Tuesday, July 7, 2015

Cultivating Well-Being





This is the first out of a series of posts about well-being. I'm excited to be posting these every Tuesday of July!! 

It's all about how to develop strength of mind and understanding the power of changing our thoughts and therefore our attitude. Also, altruism as a win-win situation will be included for good measure.

These are core values that I wish I can pass on to my boys. It is something you work at every day. It's training yourself to see the good in the bad, appreciating your present moment and directing your thoughts toward the kind of thinking that actually will benefit you. Positive thinking being the road to well-being and resilience

Well-being, not in the sense of momentary, euphoric happiness. Happiness as a way of being, compatible with sad moments that are a part of life. Well-being implies balance, wisdom, gratitude and deep serenity.

Matthieu Ricardwho has a blog (surprise!) said,

"Well being is not just a mere pleasurable sensation. It is a deep sense of serenity and fulfillment. A state that pervades and endures all the emotional states and all the sorrows that can come ones way."

This is a skill that can be acquired. I, for one, need to refresh these concepts from time to time, and firmly believe that incorporating them can shift our outlook on events which eventually changes our attitude for the better.

Ricard's view of happiness is beautifully described as a way of being. A cluster of qualities, such as altruism, love and kindness, but also inner freedom from negative thoughts, getting rid of a rumination of fear. He makes a clear distinction between pleasure and happiness. Pleasure can contribute to happiness but it can also undermine happiness if it's mixed with cravings and thirst. So, well-being is a state of the self that doesn't depend on pleasure to exist. It certainly can take advantage of it but doesn't depend on it.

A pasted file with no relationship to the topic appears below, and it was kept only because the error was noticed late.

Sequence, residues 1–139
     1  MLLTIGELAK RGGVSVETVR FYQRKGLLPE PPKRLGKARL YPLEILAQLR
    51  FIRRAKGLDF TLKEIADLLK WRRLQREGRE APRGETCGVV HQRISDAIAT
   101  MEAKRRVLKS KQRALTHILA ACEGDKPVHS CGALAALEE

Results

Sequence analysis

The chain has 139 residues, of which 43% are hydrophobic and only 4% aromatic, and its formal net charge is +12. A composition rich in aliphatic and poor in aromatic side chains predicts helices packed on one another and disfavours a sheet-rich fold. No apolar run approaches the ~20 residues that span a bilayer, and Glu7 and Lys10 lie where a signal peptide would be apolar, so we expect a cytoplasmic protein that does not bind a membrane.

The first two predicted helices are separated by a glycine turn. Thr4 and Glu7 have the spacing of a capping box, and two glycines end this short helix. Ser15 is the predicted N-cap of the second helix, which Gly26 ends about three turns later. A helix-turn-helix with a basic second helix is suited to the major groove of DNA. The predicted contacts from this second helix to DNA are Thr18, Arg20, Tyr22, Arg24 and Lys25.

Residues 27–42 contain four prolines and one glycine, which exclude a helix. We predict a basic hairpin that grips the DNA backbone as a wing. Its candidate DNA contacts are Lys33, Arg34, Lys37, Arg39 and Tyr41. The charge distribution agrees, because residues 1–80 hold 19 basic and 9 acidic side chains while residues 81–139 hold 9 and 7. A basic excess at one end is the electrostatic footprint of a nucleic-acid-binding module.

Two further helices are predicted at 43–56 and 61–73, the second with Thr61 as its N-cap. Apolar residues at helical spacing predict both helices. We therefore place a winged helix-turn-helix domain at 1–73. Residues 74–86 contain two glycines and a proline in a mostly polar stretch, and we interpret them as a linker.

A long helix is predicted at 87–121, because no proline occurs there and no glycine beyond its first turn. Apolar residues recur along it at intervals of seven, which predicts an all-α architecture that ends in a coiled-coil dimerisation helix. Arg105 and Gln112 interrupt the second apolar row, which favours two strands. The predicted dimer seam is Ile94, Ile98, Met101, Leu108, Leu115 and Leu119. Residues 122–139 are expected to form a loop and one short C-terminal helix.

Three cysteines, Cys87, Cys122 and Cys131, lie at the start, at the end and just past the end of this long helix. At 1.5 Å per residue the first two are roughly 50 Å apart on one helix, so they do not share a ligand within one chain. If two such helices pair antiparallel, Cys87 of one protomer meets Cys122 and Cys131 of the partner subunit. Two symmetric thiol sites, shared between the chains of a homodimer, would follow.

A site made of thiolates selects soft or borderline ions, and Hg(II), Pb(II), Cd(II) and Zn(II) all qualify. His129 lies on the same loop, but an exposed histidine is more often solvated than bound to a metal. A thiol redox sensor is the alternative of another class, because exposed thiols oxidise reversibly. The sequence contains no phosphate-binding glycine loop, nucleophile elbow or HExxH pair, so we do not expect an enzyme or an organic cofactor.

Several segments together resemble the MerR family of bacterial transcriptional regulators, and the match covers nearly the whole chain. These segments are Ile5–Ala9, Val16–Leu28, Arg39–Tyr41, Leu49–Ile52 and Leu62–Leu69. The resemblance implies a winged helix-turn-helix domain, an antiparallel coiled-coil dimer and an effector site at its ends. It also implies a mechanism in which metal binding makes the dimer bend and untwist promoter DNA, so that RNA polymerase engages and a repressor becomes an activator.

Alfred Adler said, 

"Regardless of their childhood experiences, people possess the power to transform their lives, their mental health, and their overall well-being.

This I think is great news for us. For moms, as well as for sons and daughters. Your mind can change the way you experience things. So, your mind has the power to transform a bad situation into something better.  

How valuable it is to know that we have the power to determine what meaning we will assign to a specific event. 

Moms usually feel under a huge pressure to constantly avoid making mistakes with their children. This is frankly impossible. Note to self and moms in the same situation: stop doing that! We will make mistakes, it's part of our human condition. I can only hope I can teach my kids to be able to take these mistakes and turn them into personal growth experiences.

Thoughts? Let me know in the comments!



Cultivating Well Being #2 (5 Basic Ideas to Pursue)










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